#1
When a ladder leans against a wall there is a normal reaction and possibly friction acting up the wall. So horizonal and vertical forces.

When you have a hinged rod the reaction at the wall isn't a normal. I understand that it can be split into a horizontal and a vertical force but I don't get why the reaction isn't normal as it is in a ladder. And if the ladder didn't have friction at the wall the reaction would still be normal.

I can't see the difference between the two scenarios and I would like an explanation if possible,
0
1 year ago
#2
(Original post by maggiehodgson)
When a ladder leans against a wall there is a normal reaction and possibly friction acting up the wall. So horizonal and vertical forces.

When you have a hinged rod the reaction at the wall isn't a normal. I understand that it can be split into a horizontal and a vertical force but I don't get why the reaction isn't normal as it is in a ladder. And if the ladder didn't have friction at the wall the reaction would still be normal.

I can't see the difference between the two scenarios and I would like an explanation if possible,
If the vertical friction is large enough so the ladder can't move, then there isn't really a difference. Both would have a diagonal "reaction" force exerted on the end of the ladder by the wall. In both cases you can analyse the horizontal and vertical components to get the actual force.
Last edited by mqb2766; 1 year ago
0
1 year ago
#3
(Original post by maggiehodgson)
When a ladder leans against a wall there is a normal reaction and possibly friction acting up the wall. So horizonal and vertical forces.

When you have a hinged rod the reaction at the wall isn't a normal. I understand that it can be split into a horizontal and a vertical force but I don't get why the reaction isn't normal as it is in a ladder. And if the ladder didn't have friction at the wall the reaction would still be normal.

I can't see the difference between the two scenarios and I would like an explanation if possible,
I have a feeling that I know what you mean but if I do then you're not describing it correctly. If you're still confused after reading the reply above mine can you please post an example question(s)?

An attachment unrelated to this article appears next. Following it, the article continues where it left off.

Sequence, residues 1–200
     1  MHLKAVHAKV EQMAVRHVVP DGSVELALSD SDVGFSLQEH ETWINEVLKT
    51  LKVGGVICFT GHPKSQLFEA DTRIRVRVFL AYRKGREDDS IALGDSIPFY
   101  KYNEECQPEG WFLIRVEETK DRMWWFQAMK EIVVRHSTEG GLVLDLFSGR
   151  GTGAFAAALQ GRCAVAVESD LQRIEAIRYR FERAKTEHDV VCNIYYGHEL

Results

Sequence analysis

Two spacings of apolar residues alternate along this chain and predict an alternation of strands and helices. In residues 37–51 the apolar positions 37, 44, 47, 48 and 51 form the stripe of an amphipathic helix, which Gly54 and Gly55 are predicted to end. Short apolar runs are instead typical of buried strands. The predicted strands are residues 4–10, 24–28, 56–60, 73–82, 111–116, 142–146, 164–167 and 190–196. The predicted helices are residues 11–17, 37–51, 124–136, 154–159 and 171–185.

Last edited by Notnek; 1 year ago
0
#4
(Original post by Notnek)
I have a feeling that I know what you mean but if I do then you're not describing it correctly. If you're still confused after reading the reply above mine can you please post an example question(s)?
This is what I mean.
0
1 year ago
#5
(Original post by maggiehodgson)
This is what I mean.
Considering static equilibrium, a rough wall would be different from a hinge when:
* The horizontal force switched directions (ladder/rod tries to move away from the wall)
* The vertical friction limit was exceeded (ladder/rod would slide)
So really a rough wall imposes static equilibrium constraints in both the vertical and horizontal directions, which a hinge would not. Otherwise they'd both have the same effect (same force on the ladder/rod).

Generally the horizontal/vertical rough wall resolution is done to see if the vertical limiting friction limit is exceeded and to link the vertical friction force with the horizontal reaction (multiply by mu).
Last edited by mqb2766; 1 year ago
0
#6
(Original post by mqb2766)
Considering static equilibrium, a rough wall would be different from a hinge when:
* The horizontal force switched directions (ladder/rod tries to move away from the wall)
* The vertical friction limit was exceeded (ladder/rod would slide)
So really a rough wall imposes static equilibrium constraints in both the vertical and horizontal directions, which a hinge would not. Otherwise they'd both have the same effect (same force on the ladder/rod).